Who were obscure, doe honour highest raise.
“ Nought constant is below, no, not true worth, The word was flesh, the God-head dwelt with mez, It melted south, and freezes in the north.”
Invisible, yet subject to the sight,
Whilst th'earthly darkenesse clouded heavenlylight: What heart not quakes to thinke what scroules re
Birds had their nests, and every beast a den, The vengeance huge inflicted oft below? [cord,
Yet had he nought who did owe all of right. Not onely Gentiles thus as then abhorr'd,
No kinde of thing the wicked world could move, High indignation justly did orethrow;
Not wonders done below, words from above.
Those wonders then which sacred writs record, God's minion still, or slave to strangers prov'd.
Did some convert, a multitude amaze,
What did not God's owne word doe by a word ? By monstrous plagues, God did his power expresse
Lame ranne, deafe heard, dumb spake, divels fled,
dead raise, In Nilus' bonnds, which yet admir'd remaines, The subtile sorcerers forcing to confesse,
Of servants servant, whil'st of lords the Lord, That his owne finger pointed out their paines;
Did seeke but his owne paine, man's good, God's The seas retir'd would not his will transgresse,
praise. Till squadrons march'd upon their virgin playnes.
To marry Heaven with Earth whil'st he began,
God without mother, without father man.
Who never did begin, he would begin,
That life's chiefe fountaine might of life be rear'd; God made not wonders strange to lacob's brood,
The innocent would beare the weight of sinne, When their great journey boldly was begun, Over them a cloud by day, by night fire stood,
That by his sufferings, sinners might be sav'd,
Yet that which God must give, and none can wime, A guide, a guard, a shadow, and a sunne, Rockes vomited a foud, Heavens rain’d down food, Whil'st on a tree Christ gain'd (when tortur'd most)
(Though offred freely) many not receiv'd. Canaan was miraculously wonne. Their armes did armies spoile, huge gyants kill,
What by a tree for pleasure Adam lost. Weake blasts breach'd walls, the Sun (as charm’d) The world's great ludge was judgʻd, and worldlings stood still.
stood, But who can thinke and trust, trust, not admire,
Even glorie's glory, glorying to disgrace; That those ingrate to such a God could prove;
They damn'd as evill the author of all good, Who oft had seen (above their owne desire)
(Though death of death) who unto death gave place:
Ah, for our ransome offering up his bloud,
Great was the warre he had to make our peace! And did the mightie's indignation move.
The heire of Heaven daign'd to descend to Hell, Tin as abhorr'd, the land did spue them forth,
That in the Heaven, hell-worthy men might dwell. And Euphrates did swallow Iordan's worth.
The Father saw the Sonne surcharg'd with woe, That realme, the world's first froth, and now the lees, For man could not repay, vor God forgoe,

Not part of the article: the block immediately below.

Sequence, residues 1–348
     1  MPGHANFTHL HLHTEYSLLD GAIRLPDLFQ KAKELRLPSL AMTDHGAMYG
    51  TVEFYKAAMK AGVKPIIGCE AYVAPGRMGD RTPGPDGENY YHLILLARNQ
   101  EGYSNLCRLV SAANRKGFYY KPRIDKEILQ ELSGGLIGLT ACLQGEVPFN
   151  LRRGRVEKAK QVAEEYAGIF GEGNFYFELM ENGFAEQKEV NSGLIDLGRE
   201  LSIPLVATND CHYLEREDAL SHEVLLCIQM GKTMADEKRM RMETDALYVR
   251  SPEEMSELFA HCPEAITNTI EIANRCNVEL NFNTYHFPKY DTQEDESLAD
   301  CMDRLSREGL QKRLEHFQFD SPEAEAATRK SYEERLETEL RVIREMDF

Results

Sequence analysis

Yet would to calme his griefe, no favour show; Of which for Israel, angels hosts had slaine ;
That debt which the first man did justly owe: The Lord transplanting men (as men doe trees)
Christ (as a God) could not have suffered so,
Nor have as man prevaild, but both below.
He men most grac'd, when men bim most disgrac'd:
Iustice and mercy mutually imbrac'd.
When God confirm'd with many fearefull wonder,
lov'd, Of all the workes, which God for us hath wrought, Heaven (clad with darknesse mourn'd) th' Earth None more to stray opinion's course permits,
sob'd asunder: Then our salvation, offred, urg'd, not sought, Thus creatures wanting sense, where highly mov'd, And curious nature's course the truth worst hits :
Who should have had, had none, nor could not What was contemn'd, a pretious treasure bought,
ponder, A mystery surmounting vulgar wits.
What did import the anguish that he prov'd. “The worker, not the worke, must move our mindes: But of his torments strange which did abound, Celestiall secrets, faith (not reason) findes.”
Ah, man's ingratitude did deepest wound.
0! who could looke for glory from the dust? 0! wicked off-spring of a godly sire,
Who mercy mock'd, prepare your selves for ire, He gave his best belov'd his foes to save.
He lives, he lives, whose death you did devise. And even to suffer, suffer did his Sonne,
His bloud (not spent in vaine) must wash, or drowne: “ The victory over Hell is hardly wonne."
Those whom it doth not save, it sball sinke downe.
To rest on them and theirs, lewes who did cry, So are all those of this which I proclaime,
beares; Whilist for their cause, God every thing had curst, Exhausted courage, horrour shall confound, Rome's mildest emperour prov'd for them the worst. Till Hope's high towers rest alloreflow'd with feares:
All shall together fall, as by one wound, lerusalem the faire, Iehovah's love,
Not having time to flye, no, not for teares. Repudiated by disdainefull wrath,
On day as night (as on the wearied sleepe) A bastard race did beare, whom nought could move; Death steales on life, and judgement's way doth A vile adultresse violating faith;
sweep. Then did the world's delight her terrour prove, And harmes perform'd fore-told by sacred breath: All clearely see who life's short race doe rinne, Nought rested where the stately city stood, Though this last judgement they would not admit, Save heapes of horrour rais'd of dust and bloud. That fatall doome inflicted first for sinne,
Which (whil'st not look'd for) doth most certaine hit, But (murd'ring saints) in wickednesse grown bold, And of all soules the processe doth beginne ; That town which long was drunk, last drown'd with For straight when death arrests, the Iudge doth sit. bloud;